- Pretzel Bites
These are the perfect snack when you’re watching a movie. To create bite-size pretzels, make the following changes: Reduce the ingredients to make a half batch of the dough, using the following amounts: 1 1/2 teaspoons yeast, 1/4 cup warm water, 1 1/2 teaspoons barley malt syrup or firmly packed dark brown sugar, 1 1/2 cups plus 2 tablespoons (210 grams) unbleached bread flour, 1/4 cup cold, pilsner-style beer, 1 tablespoon unsalted butter (cubed, at room temperature), and 1 teaspoon fine sea salt. Divide the dough into 8 equal portions. Shape each portion of dough into a 12-inch rope, applying even pressure as you roll from the center of the dough to the ends to avoid tapering the ends. Cut the ropes into 1-inch pieces. Proceed as instructed in the recipe, but dip the pretzel bites in batches of at least 8 to 10 (or more if your pot is large enough). Reduce the baking time to 6 to 9 minutes. Makes 8 dozen or so.
- Pretzel Knots
Pretzel knots are great for topping with cheese or streusel. Follow the instructions for shaping the pretzels through Step 4, making the following changes: Divide the dough into 12 equal portions. Shape each piece of dough into a 12-inch rope, tapering the ends slightly as you roll from the center of the dough to the ends. Loop the dough into a loose knot without tugging or stretching. There is no need to slash the dough before baking. Proceed as instructed in the recipe. Makes 12.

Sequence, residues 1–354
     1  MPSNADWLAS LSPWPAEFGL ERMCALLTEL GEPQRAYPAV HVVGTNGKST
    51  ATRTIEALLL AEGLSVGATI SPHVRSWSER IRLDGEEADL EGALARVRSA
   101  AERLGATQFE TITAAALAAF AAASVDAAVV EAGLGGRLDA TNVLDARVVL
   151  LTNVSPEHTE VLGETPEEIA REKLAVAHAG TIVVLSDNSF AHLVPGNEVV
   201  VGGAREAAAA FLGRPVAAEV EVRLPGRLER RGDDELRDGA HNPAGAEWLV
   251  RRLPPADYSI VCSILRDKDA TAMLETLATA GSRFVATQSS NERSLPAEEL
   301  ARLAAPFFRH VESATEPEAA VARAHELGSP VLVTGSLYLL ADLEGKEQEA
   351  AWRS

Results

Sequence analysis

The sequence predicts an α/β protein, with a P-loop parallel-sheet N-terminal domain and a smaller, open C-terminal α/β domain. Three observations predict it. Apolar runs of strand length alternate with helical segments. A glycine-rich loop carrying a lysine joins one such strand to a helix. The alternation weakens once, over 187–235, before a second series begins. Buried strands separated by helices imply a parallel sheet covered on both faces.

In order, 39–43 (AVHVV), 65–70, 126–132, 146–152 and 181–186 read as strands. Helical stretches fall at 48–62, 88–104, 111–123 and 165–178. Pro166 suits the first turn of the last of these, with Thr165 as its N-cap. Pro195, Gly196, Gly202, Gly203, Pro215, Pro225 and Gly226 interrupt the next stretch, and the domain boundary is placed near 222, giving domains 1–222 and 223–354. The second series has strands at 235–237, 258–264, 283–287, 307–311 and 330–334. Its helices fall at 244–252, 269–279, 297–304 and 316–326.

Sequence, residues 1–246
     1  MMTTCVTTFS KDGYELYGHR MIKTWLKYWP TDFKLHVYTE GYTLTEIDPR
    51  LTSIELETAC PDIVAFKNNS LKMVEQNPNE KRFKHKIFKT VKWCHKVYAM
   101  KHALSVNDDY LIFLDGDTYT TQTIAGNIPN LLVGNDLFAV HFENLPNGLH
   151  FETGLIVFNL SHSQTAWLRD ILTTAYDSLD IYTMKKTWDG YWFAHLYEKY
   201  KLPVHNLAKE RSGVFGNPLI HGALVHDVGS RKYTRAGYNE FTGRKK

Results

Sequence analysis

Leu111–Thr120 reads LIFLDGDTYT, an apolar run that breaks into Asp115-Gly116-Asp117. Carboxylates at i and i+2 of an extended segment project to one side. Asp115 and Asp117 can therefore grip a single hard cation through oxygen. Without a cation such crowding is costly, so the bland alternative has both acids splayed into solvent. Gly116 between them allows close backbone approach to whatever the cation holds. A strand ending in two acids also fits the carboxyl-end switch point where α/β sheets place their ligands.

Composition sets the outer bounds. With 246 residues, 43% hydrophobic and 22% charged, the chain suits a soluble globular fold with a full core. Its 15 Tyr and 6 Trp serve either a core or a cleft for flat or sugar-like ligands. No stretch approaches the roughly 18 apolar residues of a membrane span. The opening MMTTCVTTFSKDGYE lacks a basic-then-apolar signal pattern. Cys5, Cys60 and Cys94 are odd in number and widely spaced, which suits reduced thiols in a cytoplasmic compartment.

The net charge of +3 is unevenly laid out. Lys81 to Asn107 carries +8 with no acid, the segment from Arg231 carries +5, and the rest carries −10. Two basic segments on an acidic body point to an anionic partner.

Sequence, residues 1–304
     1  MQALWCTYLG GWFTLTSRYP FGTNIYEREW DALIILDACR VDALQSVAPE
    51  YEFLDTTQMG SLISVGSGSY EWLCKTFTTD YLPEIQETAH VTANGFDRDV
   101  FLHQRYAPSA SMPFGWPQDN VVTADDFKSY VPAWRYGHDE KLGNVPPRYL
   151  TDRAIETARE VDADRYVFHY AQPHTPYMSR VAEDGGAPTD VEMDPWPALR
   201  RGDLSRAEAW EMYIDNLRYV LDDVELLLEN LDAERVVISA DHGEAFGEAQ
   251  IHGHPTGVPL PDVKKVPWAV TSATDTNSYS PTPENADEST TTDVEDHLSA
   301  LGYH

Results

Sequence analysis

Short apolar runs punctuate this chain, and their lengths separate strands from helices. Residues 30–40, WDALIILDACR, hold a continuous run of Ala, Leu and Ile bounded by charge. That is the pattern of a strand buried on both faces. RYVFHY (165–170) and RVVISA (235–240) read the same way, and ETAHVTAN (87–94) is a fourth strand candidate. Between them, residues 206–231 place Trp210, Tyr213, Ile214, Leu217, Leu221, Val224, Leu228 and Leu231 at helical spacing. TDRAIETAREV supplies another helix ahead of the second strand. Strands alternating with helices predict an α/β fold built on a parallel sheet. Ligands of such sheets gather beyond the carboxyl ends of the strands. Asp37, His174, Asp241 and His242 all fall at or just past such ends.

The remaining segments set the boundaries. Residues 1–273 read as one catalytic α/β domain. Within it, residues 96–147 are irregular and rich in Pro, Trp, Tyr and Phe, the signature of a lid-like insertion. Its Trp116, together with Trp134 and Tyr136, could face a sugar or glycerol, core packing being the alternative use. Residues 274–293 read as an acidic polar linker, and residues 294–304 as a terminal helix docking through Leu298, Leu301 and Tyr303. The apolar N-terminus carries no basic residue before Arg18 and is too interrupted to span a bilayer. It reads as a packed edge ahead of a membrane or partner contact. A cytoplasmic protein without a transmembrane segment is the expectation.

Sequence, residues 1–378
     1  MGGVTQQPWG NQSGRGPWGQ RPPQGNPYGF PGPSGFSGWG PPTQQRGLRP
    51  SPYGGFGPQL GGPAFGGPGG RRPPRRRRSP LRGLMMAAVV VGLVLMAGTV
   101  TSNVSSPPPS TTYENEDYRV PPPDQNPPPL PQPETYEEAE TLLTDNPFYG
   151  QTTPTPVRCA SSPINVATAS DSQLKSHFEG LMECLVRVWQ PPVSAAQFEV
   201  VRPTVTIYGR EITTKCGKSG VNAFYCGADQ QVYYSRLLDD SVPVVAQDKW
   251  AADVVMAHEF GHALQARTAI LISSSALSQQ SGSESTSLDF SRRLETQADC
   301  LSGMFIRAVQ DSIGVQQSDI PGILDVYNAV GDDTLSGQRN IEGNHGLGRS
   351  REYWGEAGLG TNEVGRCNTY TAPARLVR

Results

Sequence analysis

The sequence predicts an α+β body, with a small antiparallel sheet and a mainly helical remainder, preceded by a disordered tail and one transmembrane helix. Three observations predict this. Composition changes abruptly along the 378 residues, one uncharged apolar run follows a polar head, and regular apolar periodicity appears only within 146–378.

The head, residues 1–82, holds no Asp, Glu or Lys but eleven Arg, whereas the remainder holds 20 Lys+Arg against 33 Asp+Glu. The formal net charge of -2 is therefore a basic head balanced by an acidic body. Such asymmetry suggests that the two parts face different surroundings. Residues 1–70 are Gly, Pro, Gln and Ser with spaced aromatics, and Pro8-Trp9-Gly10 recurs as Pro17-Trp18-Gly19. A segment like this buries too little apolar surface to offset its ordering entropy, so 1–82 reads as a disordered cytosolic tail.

- Pretzel Rolls
Pretzel dough can be fashioned into dinner rolls for a dazzling addition to your breadbasket or a clever bun for sliders or sandwiches. Follow the instructions for shaping the pretzels, making the following changes: Divide the dough into 12 equal portions. Working with one portion at a time, pat the dough down with your fingertips to form a 4-inch circle. Lightly dust the work surface and dough with flour if it’s sticky. Fold over the edges of the circle so that they meet in the middle. Pinch the seams together and turn the roll over so that the seam side is down. Cup your hand over the dough ball and roll it rapidly against the work surface to smooth out the seams and create a well-shaped sphere. Repeat this process with the remaining dough. Use a sharp paring knife or a razor blade to slit a large, deep cross into the top of each roll before baking. Proceed as instructed in the recipe. Makes 12.
Recipe Testers Reviews
I’ve made several soft pretzel recipes over the years. I’m ALWAYS a little disappointed. This problem has now been solved. I couldn’t be any more pleased with the results. The pretzels were dark and shiny and I LOVE the use of the beer in the dough—after all, what goes better with pretzels than beer?